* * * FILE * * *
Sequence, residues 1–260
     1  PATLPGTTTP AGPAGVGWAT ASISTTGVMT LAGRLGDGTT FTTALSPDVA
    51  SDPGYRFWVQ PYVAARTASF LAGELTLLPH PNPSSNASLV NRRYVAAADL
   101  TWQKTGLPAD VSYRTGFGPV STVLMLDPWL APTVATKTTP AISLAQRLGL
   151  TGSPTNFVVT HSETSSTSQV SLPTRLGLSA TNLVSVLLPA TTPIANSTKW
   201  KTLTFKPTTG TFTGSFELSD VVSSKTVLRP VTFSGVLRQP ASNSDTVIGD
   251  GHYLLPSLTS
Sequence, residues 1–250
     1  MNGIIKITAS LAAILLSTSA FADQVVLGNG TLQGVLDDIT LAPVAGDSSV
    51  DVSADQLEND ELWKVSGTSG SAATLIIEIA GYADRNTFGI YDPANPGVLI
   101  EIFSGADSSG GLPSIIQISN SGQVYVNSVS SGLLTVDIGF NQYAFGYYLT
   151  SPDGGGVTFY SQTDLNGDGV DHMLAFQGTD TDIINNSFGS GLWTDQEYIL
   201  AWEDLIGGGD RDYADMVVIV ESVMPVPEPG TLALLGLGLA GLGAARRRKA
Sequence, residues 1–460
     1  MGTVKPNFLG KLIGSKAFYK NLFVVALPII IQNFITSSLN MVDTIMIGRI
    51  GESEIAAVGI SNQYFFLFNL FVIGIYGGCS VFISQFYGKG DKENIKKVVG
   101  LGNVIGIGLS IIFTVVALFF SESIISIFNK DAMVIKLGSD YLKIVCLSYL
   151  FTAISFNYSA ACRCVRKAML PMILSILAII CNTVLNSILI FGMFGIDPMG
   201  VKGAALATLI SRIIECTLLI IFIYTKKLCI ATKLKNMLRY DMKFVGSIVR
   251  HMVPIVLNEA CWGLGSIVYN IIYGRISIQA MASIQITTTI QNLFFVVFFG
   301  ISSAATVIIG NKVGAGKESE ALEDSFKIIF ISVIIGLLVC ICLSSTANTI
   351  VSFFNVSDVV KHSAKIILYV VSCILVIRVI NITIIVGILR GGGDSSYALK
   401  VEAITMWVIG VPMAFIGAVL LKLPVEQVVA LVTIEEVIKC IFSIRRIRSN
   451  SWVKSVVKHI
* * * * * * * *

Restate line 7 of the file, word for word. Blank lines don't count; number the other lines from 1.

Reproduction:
   251  GHYLLPSLTS